One only has to attend an accounting technology trade show or expo to be confronted by an ever-expanding number of software vendors who claim that their applications integrate with the major accounting practice management systems (PM). It is important that potential buyers understand the type of integration utilised.
Most vendors claiming integration will refer to an API. API stands for Application Programming Interface. An API is code that allows software programs to communicate with each other.
In practice management software there are 3 types of APIs – Private, Public and Partner:
- Private APIs are for internal use by the PM vendor’s own developers to improve their own products. Private APIs are not available to third parties.
- Public or Open APIs are published and available to be used by third-parties. An example of this in the PM vendor space is Xero.
- Partner APIs can only be used by third parties with whom the PM vendor agrees to share data. This type of API (also referred to as a closed API) is only made available by the PM vendor to partner vendors whose applications are complementary to their objectives.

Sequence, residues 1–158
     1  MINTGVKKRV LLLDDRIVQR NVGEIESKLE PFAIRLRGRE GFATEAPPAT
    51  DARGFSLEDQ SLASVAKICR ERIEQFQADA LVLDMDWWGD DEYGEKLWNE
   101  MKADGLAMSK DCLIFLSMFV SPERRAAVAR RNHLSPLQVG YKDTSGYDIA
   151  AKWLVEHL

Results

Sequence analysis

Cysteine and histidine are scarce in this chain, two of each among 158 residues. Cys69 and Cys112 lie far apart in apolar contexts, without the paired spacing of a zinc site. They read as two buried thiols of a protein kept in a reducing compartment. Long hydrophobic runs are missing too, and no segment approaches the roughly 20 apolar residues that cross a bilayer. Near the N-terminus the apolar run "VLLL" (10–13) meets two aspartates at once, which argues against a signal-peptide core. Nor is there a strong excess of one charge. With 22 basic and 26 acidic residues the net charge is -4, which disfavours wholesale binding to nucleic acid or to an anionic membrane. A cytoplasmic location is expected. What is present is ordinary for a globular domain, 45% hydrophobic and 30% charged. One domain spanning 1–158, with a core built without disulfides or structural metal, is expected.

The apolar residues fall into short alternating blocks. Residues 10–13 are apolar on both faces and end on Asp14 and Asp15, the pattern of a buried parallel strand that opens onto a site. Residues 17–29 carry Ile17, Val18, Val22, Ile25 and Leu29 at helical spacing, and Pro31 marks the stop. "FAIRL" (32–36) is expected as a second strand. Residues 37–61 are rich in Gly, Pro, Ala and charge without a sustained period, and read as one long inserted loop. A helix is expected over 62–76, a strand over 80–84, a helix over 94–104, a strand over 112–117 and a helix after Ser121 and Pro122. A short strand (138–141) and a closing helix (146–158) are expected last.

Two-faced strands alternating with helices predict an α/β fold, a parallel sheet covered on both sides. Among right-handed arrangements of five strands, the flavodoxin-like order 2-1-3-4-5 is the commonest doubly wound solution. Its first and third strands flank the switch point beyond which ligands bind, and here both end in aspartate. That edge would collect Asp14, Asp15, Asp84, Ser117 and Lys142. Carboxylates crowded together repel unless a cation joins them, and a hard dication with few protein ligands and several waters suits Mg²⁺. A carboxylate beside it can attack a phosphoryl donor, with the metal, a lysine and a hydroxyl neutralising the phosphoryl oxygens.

If you are considering buying an application that uses a Public API, do not assume that the PM vendor has endorsed or in any way supports the third-party application. The responsibility for due diligence rests solely with the buyer – very much a case of “buyer beware”.
In most accounting practices, the PM system would be regarded as the “source of truth”. It follows therefore that if the third party’s application will be changing data or writing back into the PM system buyers should confirm that this has been approved by the PM vendor.
Last but not least is the matter of security. When shopping for cloud-based software applications always have at the top of your due diligence check list the matter of security. Ask the vendor these simple questions:
- Is the application subject to regular independent penetration testing?
- Where is my data stored?
- Which other accounting firms use the application? Ask for references.
- Did you develop the application and do you own the IP?
If you are not happy with the answers then start looking elsewhere!
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